Addiction counselors provide and coordinate services for people with a range of substance use disorders such as alcohol or drug use, or other behavioral addiction and health issues. They provide treatment and support to help the client recover from addiction or modify problem behaviors. These professionals work with clients individually and in group sessions. They teach clients how to cope with stress and life’s problems in ways that help them recover. Many addiction counselors work in facilities that involve interprofessional relationships with other healthcare providers.
Addiction counselors help clients improve their personal relationships and find ways to discuss their addiction or other problems with family and friends. Furthermore, they help clients rebuild professional relationships and, if necessary, reestablish their career. This is done through a range of activities, including: appraisal, individual and group counseling, treatment planning, referral and coordination with other service providers and assisting clients to cope effectively with their environment and function as independently as possible.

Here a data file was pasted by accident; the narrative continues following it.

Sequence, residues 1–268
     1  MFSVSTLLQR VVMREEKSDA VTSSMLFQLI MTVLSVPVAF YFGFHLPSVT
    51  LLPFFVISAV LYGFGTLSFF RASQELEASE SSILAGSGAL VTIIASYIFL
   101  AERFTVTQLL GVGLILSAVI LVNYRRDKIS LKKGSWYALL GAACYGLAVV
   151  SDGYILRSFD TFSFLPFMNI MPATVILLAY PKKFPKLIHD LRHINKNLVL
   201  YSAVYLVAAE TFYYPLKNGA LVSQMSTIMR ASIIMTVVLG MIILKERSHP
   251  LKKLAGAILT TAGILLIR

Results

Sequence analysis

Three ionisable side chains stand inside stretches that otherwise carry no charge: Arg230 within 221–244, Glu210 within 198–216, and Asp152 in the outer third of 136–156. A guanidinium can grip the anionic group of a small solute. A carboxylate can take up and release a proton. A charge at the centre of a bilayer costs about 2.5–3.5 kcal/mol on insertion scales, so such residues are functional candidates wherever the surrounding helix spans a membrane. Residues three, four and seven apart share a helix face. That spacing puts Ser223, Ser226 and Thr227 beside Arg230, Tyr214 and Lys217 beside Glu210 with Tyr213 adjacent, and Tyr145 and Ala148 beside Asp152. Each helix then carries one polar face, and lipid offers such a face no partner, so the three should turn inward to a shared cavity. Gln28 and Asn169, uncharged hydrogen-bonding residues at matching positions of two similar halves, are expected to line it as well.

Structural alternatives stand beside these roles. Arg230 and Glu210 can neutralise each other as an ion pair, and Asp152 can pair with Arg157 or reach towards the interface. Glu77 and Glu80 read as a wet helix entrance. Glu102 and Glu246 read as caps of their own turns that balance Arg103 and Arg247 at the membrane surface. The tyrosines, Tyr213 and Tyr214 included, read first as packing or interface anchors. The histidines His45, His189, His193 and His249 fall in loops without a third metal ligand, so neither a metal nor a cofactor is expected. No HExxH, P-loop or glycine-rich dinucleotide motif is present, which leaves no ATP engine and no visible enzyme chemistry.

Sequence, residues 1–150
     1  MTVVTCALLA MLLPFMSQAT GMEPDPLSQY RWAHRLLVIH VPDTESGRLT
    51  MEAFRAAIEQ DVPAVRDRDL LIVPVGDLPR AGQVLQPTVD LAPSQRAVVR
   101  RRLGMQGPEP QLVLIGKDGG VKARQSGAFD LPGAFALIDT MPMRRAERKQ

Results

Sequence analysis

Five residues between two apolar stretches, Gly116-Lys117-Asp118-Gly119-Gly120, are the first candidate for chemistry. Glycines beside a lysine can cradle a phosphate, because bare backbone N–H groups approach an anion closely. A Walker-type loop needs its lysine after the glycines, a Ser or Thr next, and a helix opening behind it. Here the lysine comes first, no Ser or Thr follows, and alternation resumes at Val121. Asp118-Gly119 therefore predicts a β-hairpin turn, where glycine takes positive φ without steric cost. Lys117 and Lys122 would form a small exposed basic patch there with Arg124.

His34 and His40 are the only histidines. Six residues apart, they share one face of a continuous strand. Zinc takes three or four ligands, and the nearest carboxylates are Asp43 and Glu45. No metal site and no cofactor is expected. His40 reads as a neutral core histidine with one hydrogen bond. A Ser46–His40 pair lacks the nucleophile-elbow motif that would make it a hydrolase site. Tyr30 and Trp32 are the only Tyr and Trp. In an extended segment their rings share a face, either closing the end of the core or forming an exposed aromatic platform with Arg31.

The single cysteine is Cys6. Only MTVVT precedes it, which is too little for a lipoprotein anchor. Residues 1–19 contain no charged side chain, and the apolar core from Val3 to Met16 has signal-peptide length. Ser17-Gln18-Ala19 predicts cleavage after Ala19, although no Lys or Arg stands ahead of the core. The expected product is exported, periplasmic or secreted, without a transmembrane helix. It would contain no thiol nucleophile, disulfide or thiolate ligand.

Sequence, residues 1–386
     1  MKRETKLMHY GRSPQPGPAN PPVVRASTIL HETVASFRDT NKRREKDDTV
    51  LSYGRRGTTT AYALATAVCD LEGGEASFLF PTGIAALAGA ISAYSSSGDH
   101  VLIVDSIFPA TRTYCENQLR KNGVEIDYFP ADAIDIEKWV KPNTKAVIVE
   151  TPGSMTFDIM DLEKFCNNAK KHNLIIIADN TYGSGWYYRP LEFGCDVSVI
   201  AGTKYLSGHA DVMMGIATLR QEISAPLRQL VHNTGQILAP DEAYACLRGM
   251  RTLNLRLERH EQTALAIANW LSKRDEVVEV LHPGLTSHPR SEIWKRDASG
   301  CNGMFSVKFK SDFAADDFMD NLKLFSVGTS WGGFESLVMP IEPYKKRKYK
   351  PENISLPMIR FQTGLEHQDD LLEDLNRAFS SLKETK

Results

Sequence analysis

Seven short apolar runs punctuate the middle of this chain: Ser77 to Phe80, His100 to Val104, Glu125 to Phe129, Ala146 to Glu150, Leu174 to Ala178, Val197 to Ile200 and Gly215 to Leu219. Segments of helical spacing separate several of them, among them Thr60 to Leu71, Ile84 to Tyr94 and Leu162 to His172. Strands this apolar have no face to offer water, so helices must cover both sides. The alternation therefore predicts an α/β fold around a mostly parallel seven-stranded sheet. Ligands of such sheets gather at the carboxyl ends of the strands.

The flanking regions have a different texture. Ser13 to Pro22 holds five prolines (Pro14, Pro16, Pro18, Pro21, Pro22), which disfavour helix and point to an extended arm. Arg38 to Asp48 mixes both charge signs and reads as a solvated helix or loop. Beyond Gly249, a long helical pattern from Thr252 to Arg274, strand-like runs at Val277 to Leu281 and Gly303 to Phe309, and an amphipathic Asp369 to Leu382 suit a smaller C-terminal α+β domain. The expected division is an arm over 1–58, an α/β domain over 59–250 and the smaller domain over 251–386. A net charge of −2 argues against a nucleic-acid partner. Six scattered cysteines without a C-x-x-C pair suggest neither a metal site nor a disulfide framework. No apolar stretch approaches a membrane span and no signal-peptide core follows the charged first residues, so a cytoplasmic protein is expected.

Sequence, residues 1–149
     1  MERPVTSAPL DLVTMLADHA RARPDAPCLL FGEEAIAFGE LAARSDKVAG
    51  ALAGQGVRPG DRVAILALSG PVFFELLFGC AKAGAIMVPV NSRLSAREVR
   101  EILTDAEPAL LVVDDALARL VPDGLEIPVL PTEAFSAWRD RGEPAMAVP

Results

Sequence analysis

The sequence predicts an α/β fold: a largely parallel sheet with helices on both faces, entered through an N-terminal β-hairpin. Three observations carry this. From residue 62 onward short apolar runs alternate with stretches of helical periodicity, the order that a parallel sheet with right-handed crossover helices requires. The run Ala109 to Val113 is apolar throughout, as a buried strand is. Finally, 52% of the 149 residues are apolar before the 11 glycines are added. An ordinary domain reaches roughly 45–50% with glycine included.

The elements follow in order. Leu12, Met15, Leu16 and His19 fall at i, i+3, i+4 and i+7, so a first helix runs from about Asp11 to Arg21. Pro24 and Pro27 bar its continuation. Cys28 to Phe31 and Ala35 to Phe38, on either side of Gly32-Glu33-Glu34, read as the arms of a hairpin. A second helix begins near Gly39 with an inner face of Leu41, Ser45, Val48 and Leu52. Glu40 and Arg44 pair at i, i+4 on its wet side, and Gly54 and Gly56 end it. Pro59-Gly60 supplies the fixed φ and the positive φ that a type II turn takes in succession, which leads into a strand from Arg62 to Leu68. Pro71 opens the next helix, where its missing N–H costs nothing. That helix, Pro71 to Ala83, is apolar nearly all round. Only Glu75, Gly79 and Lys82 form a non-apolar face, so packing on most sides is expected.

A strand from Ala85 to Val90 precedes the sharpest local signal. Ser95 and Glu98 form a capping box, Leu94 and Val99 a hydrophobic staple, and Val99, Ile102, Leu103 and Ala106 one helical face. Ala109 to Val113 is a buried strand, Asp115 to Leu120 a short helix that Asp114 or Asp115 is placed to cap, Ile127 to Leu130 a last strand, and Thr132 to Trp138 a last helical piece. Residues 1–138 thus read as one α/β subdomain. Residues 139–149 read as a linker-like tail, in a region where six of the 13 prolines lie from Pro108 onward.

The field of addiction counseling is growing rapidly. Increased access to health insurance has created a shortage of qualified addiction counselors. There is a large demand for counselors to work in prevention and treatment service delivery systems.